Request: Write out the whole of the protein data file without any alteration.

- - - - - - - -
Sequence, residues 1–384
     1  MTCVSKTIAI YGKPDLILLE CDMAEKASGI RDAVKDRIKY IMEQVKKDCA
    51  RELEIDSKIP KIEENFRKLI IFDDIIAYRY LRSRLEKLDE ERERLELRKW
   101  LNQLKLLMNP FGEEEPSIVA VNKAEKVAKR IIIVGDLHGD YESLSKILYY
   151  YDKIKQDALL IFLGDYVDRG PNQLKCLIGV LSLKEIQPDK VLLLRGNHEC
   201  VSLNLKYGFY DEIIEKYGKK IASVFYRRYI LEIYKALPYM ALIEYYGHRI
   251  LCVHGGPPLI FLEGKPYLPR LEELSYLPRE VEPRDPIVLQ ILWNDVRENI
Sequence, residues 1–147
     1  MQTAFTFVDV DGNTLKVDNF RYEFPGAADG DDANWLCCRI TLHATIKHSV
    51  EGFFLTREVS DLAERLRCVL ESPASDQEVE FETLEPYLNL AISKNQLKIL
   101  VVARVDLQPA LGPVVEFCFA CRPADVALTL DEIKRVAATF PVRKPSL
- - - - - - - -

Sequence, residues 1–384
     1  MTCVSKTIAI YGKPDLILLE CDMAEKASGI RDAVKDRIKY IMEQVKKDCA
    51  RELEIDSKIP KIEENFRKLI IFDDIIAYRY LRSRLEKLDE ERERLELRKW
   101  LNQLKLLMNP FGEEEPSIVA VNKAEKVAKR IIIVGDLHGD YESLSKILYY
   151  YDKIKQDALL IFLGDYVDRG PNQLKCLIGV LSLKEIQPDK VLLLRGNHEC
   201  VSLNLKYGFY DEIIEKYGKK IASVFYRRYI LEIYKALPYM ALIEYYGHRI
   251  LCVHGGPPLI FLEGKPYLPR LEELSYLPRE VEPRDPIVLQ ILWNDVRENI
Sequence, residues 1–147
     1  MQTAFTFVDV DGNTLKVDNF RYEFPGAADG DDANWLCCRI TLHATIKHSV
    51  EGFFLTREVS DLAERLRCVL ESPASDQEVE FETLEPYLNL AISKNQLKIL
   101  VVARVDLQPA LGPVVEFCFA CRPADVALTL DEIKRVAATF PVRKPSL